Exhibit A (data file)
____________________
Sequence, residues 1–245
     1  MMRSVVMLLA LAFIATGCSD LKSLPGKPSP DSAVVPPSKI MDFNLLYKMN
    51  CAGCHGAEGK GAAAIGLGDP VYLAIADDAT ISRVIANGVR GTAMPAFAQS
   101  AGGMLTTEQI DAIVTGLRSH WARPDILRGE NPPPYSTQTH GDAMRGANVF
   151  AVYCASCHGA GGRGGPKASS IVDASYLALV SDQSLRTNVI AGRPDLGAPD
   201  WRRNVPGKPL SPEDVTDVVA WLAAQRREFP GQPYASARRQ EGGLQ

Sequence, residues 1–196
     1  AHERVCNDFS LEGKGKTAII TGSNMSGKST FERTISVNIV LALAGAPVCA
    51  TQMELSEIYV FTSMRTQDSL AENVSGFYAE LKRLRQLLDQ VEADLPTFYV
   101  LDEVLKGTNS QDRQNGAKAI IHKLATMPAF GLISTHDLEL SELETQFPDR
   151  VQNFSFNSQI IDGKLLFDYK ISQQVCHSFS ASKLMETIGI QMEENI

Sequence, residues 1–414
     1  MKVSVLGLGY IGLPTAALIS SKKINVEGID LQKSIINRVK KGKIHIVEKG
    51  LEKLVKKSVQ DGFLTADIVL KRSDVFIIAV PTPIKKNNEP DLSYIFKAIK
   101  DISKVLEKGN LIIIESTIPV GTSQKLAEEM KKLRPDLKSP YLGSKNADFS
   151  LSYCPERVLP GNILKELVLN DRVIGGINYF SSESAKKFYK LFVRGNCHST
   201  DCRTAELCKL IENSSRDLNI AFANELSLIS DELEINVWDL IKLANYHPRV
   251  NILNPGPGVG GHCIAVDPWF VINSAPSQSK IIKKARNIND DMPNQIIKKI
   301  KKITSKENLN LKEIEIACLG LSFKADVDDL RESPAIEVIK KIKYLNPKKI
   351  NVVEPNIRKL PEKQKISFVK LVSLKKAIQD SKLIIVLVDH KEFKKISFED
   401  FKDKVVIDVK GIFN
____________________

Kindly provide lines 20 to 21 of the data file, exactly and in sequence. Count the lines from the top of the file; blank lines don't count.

   351  NVVEPNIRKL PEKQKISFVK LVSLKKAIQD SKLIIVLVDH KEFKKISFED
   401  FKDKVVIDVK GIFN